The current artwork is set to be replaced in September 2022
Once upon a time the northwest plinth of Trafalgar Square was destined for an equestrian statue of William IV, but a lack of funds meant the statue never materialised.
Since 1999 the plinth, now commonly called “The Fourth Plinth”, has played host to a succession of temporary works. Previously featured works include a giant thumb, a rooster, and a ship in a bottle. The current artwork is set to be removed in September 2022, with the shortlist of six replacements announced earlier this year.
A new YouGov RealTime survey that showed Londoners images of the shortlisted artworks, along with their titles and authors’ names, reveals two clear favourites. Around half of Londoners (53%) like “Antelope” by Samson Kambalu – which features statues of Baptist preacher and pan-Africanist John Chilembwe and European missionary John Chorley.
However, a similar number (51%) also like “On Hunger and Farming in the Skies of the Past 1957-1966” by Ibrahim Mahama which recreates a vertical grain silo from Ghana in the early 1960s filled with living plants.
Two in five Londoners (40%) like “Bumpman for Trafalgar Square” by Paloma Varga Weisz, a work inspired by German Wundergestalt tradition and the spirit of German folklore. While 31% like Goshka Macuga’s “GONOGO”, which depicts a giant rocket, a similar number (35%) dislike it.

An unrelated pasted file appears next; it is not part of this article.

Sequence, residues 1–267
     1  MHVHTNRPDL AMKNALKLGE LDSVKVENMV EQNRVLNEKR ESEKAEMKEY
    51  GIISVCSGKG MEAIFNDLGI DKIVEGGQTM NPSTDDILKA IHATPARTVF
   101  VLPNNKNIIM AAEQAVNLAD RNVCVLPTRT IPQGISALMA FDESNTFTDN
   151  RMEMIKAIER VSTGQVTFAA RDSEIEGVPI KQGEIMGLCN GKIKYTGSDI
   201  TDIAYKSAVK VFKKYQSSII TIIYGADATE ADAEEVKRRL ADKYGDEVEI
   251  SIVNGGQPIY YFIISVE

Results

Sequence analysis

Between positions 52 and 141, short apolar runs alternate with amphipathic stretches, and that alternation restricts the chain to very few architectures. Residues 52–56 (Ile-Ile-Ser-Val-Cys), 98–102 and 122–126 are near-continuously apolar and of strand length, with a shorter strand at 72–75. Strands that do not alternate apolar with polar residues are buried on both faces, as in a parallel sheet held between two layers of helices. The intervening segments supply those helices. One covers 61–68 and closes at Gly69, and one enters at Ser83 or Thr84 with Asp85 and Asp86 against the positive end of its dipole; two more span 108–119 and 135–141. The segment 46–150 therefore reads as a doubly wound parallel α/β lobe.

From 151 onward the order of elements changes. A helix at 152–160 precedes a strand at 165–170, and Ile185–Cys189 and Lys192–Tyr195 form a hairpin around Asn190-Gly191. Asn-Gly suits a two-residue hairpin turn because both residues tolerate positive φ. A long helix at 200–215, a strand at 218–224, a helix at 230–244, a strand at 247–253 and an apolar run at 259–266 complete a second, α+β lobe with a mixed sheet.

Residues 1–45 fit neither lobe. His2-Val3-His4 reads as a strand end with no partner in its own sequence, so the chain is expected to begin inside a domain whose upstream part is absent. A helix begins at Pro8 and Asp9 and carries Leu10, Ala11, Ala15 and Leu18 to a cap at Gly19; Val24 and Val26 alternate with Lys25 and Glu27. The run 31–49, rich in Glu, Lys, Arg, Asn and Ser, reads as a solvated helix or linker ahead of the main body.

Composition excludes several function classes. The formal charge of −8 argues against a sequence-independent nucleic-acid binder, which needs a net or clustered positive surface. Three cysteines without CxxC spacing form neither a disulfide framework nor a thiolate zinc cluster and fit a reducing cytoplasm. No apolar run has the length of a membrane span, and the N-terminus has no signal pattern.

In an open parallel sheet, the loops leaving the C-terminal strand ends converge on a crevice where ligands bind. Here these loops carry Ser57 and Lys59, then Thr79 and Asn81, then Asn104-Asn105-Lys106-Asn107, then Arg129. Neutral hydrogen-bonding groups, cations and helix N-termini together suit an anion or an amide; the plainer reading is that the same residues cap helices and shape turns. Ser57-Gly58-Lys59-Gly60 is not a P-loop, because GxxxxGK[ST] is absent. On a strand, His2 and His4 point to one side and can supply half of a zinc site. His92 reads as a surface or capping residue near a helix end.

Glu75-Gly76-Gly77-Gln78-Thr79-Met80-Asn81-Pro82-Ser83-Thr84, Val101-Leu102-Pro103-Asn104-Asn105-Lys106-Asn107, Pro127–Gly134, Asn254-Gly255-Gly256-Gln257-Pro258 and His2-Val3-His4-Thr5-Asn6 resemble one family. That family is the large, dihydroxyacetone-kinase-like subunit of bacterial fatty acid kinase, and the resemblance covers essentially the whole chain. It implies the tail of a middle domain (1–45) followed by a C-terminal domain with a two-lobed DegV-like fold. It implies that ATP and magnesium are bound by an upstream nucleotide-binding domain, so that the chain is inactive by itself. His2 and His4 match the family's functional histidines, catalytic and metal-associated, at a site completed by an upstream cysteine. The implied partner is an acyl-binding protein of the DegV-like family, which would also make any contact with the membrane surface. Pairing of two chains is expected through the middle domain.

Based on the title, author and image alone, just under a quarter of people in London like “Improntas” by Teresa Margolles, which features casts of 850 trans people, however two in five people (42%) dislike this work.
Finally, only 18% of people like Nicole Eisenman’s “The Jewellery Tree”, with half of Londoners (53%) disliking the piece which recreates everyday objects on a huge scale.
But which shortlisted artwork is London’s favourite?
When asked to pick the artwork they liked the most, Londoners are again torn, with 26% picking “On Hunger and Farming” and 25% choosing “Antelope”. Some 14% picked “Bumpman” as the favourite, while 11% choose “GONOGO”.
Only 5% like “Improntas” the most, compared to 4% who like “The Jewellery Tree”. One in nine Londoners (11%) do not seem to like any of the proposed artworks, choosing “none of the above”.
Amongst Londoners aged 18 to 24, “On Hunger and Farming” is the clear favourite at 28%, compared to 19% who opted for “Antelope”. London’s 25-34-year olds who are the biggest fans of Mahama’s vertical grain silo piece at 37%.
Of Londoners aged 55 and over, 34% prefer “Antelope” as their single favourite compared to 19% who liked “On Hunger and Farming” the most. Nearly one in five of this oldest group (18%) did not like any of the artworks, the highest of all the age groups.
This research was previously featured in the Evening Standard
See full results here